We had to build custom fixtures for the pulse duplicator to mimic the anatomy of the right atrium and to incorporate an insufficient tricuspid valve. But that really also helped design this entire concept. That’s something we’re excited about because it’s out of the box, it’s new. It seems to work well. Very well. At least from the first three patients that we treated. But we’re far away from being able to say “look this is going to be the technology for the next 20 years, because we need to treat not three patients but maybe 3000 patients, and then we’ll see how that works out.
Same thing with the mitral. I’m not sure how much we should talk about this concept at this stage, but I think every heart valve company that is looking to the future is also going to look at the mitral valve and we have a concept which is our own intellectual property which we’re excited about. Again it’s out of the box. It’s not like other mitral valves which are more based on what people know from TAVI. It’s a different kind of concept, a mix between repair and replacement. But it’s just what we feel a mitral treatment option could be. With everything else going into it – respecting the patient, respecting the anatomy, respecting the kind of disease that we have -that is something we feel passionate about and we’re going to go forward and see if we can get it into the clinical stage.
RF: Which valve do you think presents the most challenges?
MK: I think that every valve presents different challenges. I think the thing about the mitral valve (or mitral and tricuspid) is that often it’s a disease also of the ventricles and not only of the valves, and the valves are more secondary. If we’re talking about mitral stenosis or mitral annular calcification, I think it’s going to be more like a TAVI-type treatment. But the large patient base that we’re really seeing is more functional mitral insufficiency. I think to develop an effective treatment, you need to be smarter, respect the entire disease and really think about why this valve is the way that it is and what can we do to recreate the function of the valve.
I think that’s where concepts which are similar to TAVI are not going to be directly transferable the mitral valve. You really need to think differently. Mitral and tricuspid are definitely challenging. I think pulmonary is also challenging. For a company to develop a pulmonary valve is difficult because of the market size and because of the diversity of the disease that you see and because these are very often young patients requiring multiple re- operations. It’s difficult to have a product that you can give to the doctor that he can have on a shelf like you see with the Medtronic Melody valve. They did first in man with basically the same device in 2000 and you still have the first generation of this device on the market. There’s hardly any development work going into it just because the market is difficult.
So it’s a different challenge. Not an anatomical challenge, but it’s a question of what is the entire field around the patient, treatment strategy and market that makes it possible or impossible to give a product to the physician who is trying to treat this patient. Basically, we give the doctor a toolbox and he uses this toolbox to fix a disease. Maybe it’s just not possible or financially attractive compared to other therapies at this stage to give them a tool for the pulmonary. We think that there are options if you are clever enough in the development. So we’re thinking about developing something for this. We are actually doing this, but it’s more challenging to convince everybody that it’s the right thing to do because there aren’t so many patients and they are very diverse.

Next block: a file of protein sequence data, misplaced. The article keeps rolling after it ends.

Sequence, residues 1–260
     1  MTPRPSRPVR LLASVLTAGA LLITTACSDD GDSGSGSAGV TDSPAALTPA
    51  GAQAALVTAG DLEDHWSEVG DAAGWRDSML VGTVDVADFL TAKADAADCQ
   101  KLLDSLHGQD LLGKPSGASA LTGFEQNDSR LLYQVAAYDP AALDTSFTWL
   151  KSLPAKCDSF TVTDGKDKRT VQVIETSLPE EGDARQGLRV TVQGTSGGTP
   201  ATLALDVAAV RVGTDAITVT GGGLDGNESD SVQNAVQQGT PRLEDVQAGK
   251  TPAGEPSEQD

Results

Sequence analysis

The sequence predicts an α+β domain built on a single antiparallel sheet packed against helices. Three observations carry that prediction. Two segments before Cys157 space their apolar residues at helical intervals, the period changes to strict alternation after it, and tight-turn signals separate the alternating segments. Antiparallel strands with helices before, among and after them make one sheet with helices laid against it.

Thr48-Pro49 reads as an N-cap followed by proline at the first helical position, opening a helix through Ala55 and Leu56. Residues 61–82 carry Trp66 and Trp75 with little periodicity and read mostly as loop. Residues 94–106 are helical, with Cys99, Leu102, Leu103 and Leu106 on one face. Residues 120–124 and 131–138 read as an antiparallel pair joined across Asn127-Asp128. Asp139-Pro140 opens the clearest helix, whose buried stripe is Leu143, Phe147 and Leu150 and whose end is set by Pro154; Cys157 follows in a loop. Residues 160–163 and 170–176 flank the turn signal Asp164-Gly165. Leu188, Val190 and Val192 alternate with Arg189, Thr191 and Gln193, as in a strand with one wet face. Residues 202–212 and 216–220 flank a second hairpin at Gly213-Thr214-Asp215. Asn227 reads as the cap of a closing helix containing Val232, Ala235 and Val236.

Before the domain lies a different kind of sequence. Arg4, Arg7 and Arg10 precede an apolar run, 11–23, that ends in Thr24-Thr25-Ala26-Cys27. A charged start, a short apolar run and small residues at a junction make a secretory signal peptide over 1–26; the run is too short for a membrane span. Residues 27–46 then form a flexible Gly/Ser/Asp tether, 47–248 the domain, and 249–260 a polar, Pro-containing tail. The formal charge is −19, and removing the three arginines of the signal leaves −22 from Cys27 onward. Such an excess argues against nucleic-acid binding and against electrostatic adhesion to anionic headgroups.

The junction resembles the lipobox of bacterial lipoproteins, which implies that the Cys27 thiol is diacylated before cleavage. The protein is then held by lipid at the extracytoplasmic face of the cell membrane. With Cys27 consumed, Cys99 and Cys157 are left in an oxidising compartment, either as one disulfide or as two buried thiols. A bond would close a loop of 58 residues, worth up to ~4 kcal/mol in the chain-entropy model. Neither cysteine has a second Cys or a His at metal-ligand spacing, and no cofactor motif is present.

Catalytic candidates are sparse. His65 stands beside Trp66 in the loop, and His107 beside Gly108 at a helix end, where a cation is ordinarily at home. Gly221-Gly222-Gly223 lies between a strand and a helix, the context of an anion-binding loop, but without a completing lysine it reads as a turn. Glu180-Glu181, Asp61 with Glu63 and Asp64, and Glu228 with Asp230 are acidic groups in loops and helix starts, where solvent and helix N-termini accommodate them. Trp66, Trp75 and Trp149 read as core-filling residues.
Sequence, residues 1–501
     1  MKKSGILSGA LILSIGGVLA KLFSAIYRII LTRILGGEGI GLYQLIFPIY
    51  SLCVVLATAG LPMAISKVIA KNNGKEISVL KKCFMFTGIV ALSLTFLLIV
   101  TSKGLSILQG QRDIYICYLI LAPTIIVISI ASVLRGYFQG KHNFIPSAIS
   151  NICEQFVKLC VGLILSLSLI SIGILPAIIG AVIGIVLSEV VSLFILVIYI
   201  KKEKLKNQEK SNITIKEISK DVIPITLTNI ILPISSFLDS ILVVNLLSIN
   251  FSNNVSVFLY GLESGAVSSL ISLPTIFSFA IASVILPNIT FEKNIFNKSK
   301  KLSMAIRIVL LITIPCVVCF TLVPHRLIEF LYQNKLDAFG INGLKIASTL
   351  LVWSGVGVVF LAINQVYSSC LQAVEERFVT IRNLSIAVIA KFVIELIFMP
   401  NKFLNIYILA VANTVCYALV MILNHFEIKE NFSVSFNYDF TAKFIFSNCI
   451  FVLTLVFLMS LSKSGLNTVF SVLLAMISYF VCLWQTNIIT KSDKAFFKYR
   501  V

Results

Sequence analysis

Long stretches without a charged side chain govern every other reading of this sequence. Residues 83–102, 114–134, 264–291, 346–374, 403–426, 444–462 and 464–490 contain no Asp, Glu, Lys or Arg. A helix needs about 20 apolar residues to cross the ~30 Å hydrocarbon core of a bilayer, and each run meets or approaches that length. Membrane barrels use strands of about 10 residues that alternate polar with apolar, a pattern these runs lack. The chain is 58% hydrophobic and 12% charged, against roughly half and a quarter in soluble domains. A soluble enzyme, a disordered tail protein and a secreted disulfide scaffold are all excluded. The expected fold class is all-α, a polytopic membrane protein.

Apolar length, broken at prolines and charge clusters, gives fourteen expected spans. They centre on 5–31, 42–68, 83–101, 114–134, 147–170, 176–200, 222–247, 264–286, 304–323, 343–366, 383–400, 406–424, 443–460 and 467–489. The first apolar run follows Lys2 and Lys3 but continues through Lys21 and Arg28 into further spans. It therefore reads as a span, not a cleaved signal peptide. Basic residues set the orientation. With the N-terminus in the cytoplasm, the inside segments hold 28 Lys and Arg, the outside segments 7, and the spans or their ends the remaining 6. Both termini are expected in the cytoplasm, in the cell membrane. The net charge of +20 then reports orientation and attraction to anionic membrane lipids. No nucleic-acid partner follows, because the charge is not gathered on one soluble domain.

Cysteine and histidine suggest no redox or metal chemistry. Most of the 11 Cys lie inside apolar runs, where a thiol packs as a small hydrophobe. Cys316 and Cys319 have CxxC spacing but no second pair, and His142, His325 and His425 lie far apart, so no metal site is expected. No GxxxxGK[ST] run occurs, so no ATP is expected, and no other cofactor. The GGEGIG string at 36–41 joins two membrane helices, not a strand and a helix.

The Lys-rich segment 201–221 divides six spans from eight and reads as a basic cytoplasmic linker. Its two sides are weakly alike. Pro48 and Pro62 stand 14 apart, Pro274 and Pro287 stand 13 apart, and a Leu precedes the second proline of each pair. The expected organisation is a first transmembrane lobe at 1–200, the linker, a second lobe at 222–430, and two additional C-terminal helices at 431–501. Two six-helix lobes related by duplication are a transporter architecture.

RF: Those are great points. That brings us to our last question. Do you have any advice for our readers?
MK: Don’t be afraid to think outside the box. Try to look at the mechanisms of the disease. Why things are the way that they are and what is the basis of this disease which you are really trying to treat?
If you look at this and if you really think about for instance mitral insufficiency as a disease of the entire ventricle, and what actually happened or what happens generally when you have these patients who are first having aortic stenosis, then high left ventricular pressure and then a failing mitral valve and then they have a failing tricuspid valve. Think about how you could help this patient as a whole. Think more basically about the mechanisms leading to this, because these thoughts about the mechanisms led us to our concepts for the aortic valve that led us to our concept also for the mitral and the tricuspid valves because we didn’t think about what others are trying.You know there’s a saying which is “If you have a hammer everything looks like a nail”. And if you have something like a TAVI valve then maybe you think we’ll take the TAVI valves and put this in here and there, just because these doctors are used to stents, which you can use in a lot of positions. They know that “I can put a stent here, I can inflate it, and it going to be there and that’s going to solve the problem.”
But that’s not really the case for complex heart valve diseases. I think you really need to think about the mechanisms. Why do we have this disease? What led to the disease? And what do I need to do to help this patient? So with the tricuspid valve just as an example, we’re not treating the tricuspid valve itself. We’re putting a fifth heart valve into the right atrium. This means that the tricuspid valve itself is still insufficient but there’s no back flow into the venous system. So there’s no congestion of the venous system. There’s better liver function. There is better renal function. These patients feel better. And so we’re you know we’re treating the disease we’re not treating the valve so we took a step back, before we went forward and said “this is what we need to do to treat tricuspid insufficiency”. I think that applies to a lot of things.
RF: That’s good advice, thank you for taking the time to speak with me.